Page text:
Rupert Murdoch announced today that he intends to convert all of News Corp’s online news assets to subscription services. This news was released along with the quarterly earnings for News Corp that revealed a full year net loss of $3.4 billion, down from a profit of $5.4 billion.
If he thinks that he is going to recoup his losses by shutting the gates to his web properties, and sending that traffic to his competitors, he will be bitterly disappointed. News is not the sort of product that maintains exclusivity for very long. If there’s an earthquake in Peru or a celebrity dies, that information cannot be copyrighted and doled out by a privileged owner. And even when a reporter uncovers a major story after weeks of diligent and skillful research, as soon as it hits the streets it’s just more news and everyone else can pass it on to their audience.
The inherent value of a news enterprise is its credibility, its relationship with the customer, and its advertising reach. By erecting a wall between the publisher and the customer, both of the latter two items are severely squeezed. And if no one is consuming your product, credibility is hardly a concern. Nevertheless, Murdoch seems intent on his strategy for wringing revenue from his web visitors, but his arguments make little sense.
MURDOCH: The digital revolution has opened many new and inexpensive methods of distribution but it has not made content free. Accordingly we intend to charge for all our news websites.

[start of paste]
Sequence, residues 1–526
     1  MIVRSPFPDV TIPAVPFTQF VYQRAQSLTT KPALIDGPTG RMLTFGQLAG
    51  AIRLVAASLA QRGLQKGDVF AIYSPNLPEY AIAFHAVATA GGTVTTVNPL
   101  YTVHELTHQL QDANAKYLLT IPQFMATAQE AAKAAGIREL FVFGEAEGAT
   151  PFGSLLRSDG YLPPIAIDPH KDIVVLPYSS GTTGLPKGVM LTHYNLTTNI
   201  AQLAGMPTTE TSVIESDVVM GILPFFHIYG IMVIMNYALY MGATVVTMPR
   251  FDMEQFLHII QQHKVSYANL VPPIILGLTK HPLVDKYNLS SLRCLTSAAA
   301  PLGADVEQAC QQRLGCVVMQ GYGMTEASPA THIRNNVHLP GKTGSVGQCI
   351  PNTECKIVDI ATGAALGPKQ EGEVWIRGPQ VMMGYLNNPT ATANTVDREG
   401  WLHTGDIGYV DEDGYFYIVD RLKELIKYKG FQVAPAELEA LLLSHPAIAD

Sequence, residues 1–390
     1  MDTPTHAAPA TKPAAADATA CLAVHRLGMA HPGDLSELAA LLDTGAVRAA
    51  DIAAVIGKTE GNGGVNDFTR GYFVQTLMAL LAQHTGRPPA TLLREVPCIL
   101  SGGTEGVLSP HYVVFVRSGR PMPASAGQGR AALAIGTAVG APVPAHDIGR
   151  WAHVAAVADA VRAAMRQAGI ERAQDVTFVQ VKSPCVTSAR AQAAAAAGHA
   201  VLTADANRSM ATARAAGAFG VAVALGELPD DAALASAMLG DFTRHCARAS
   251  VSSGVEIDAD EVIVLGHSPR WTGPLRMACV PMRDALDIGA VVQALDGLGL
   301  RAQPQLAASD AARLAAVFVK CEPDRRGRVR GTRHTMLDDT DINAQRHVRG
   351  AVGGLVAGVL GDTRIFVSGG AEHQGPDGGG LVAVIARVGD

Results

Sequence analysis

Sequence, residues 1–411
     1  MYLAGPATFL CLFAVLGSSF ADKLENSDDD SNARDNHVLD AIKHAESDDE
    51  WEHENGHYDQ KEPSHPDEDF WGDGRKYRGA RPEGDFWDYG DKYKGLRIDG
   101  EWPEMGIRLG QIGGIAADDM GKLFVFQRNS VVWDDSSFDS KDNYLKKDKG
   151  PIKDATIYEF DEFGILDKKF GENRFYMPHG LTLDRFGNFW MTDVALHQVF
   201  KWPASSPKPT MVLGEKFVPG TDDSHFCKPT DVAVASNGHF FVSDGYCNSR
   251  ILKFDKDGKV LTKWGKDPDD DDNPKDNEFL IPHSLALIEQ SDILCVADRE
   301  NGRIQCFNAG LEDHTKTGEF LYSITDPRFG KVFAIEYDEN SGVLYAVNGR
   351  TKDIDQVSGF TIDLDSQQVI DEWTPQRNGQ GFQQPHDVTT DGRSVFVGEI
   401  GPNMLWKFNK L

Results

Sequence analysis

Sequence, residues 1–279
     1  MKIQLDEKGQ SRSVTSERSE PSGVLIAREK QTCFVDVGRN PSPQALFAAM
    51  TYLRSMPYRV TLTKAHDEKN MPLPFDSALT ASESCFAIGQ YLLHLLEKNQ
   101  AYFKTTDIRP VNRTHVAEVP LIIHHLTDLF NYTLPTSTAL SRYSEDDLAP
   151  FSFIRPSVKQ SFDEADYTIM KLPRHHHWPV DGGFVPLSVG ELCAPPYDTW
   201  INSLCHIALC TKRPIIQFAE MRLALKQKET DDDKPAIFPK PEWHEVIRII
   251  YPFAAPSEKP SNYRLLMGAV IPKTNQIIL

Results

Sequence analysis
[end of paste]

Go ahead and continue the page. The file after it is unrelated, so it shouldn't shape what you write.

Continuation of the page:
Of course the truth is that it has made content free – at lease the majority of it, including most of what Murdoch publishes. Part of the reason it is free is due to the many new and inexpensive methods of distribution. If you remove costly production items like paper and presses and warehouses and trucks, you ought to be able to publish with significantly lower overhead. That means that advertising alone should be sufficient to be profitable. Television networks do it, and they have far greater overhead in production costs and celebrity salaries.
MURDOCH: Quality journalism is not cheap and an industry that gives away its content is simply cannibalizing its ability to produce good reporting.
Again, the media is a unique marketplace that has always given away its content in exchange for eyeballs that can be peddled to advertisers. And with regard to quality journalism not being cheap, that is something that Murdoch has never had to worry about since he doesn’t deal in quality journalism.
Murdoch has been a vocal critic of Google and other news aggregators who he says are stealing his product. He accuses them of benefiting from his company’s hard work without paying for it. But his Fox Nation is doing precisely the same thing by posting links to other news sites without offering them any payment either. So I wonder if he intends to start compensating those sites after he commences to charge for his own.
I still can’t see much of a market for online subscriptions to Fox News, Fox Nation, the New York Post, etc. Murdoch says that the fees charged by the Wall Street Journal are proof that the subscription model will work. But the differential between a subscription to the Journal and the Journal online is only forty cents a week. I suspect that that is not much of a barrier for Journal readers. Consequently, that may account for any success seen in that marketplace (although we don’t even know if there is any success because Murdoch will not release data on the Journal’s online only subscriber base).
In the end, Murdoch will just be doing a favor for all the other online news sites who learn to operate profitably without subscription fees. As the market matures there will be more and more of them. Advertisers will migrate to the web as it increasingly provides a superior return to fading newspapers. And since Murdoch is overweighted in dead-tree media, and his online acumen has been notoriously sub par (witness MySpace), this is just good news all around – the kind even I’d be willing to pay for (but don’t tell Rupert).